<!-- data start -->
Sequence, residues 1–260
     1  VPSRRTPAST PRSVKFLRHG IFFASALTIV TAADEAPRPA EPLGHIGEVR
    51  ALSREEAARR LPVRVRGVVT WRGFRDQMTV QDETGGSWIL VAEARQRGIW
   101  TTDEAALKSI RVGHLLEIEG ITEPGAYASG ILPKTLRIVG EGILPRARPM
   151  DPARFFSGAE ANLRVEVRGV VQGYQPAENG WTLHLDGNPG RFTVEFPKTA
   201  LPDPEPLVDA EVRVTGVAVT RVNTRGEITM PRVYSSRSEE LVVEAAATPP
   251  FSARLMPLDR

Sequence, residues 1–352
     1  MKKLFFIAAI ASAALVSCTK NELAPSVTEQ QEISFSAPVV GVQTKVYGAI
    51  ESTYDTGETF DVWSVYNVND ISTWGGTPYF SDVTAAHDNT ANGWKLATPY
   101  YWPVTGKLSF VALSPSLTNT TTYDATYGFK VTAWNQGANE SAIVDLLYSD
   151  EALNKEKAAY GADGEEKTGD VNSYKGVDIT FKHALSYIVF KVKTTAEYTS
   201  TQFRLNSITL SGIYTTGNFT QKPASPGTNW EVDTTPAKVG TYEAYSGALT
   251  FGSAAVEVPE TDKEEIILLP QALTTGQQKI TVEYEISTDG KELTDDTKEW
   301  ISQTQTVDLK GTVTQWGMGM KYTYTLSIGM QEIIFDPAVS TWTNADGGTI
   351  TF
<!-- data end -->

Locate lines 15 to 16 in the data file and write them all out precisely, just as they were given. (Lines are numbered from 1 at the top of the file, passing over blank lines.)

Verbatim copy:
   301  ISQTQTVDLK GTVTQWGMGM KYTYTLSIGM QEIIFDPAVS TWTNADGGTI
   351  TF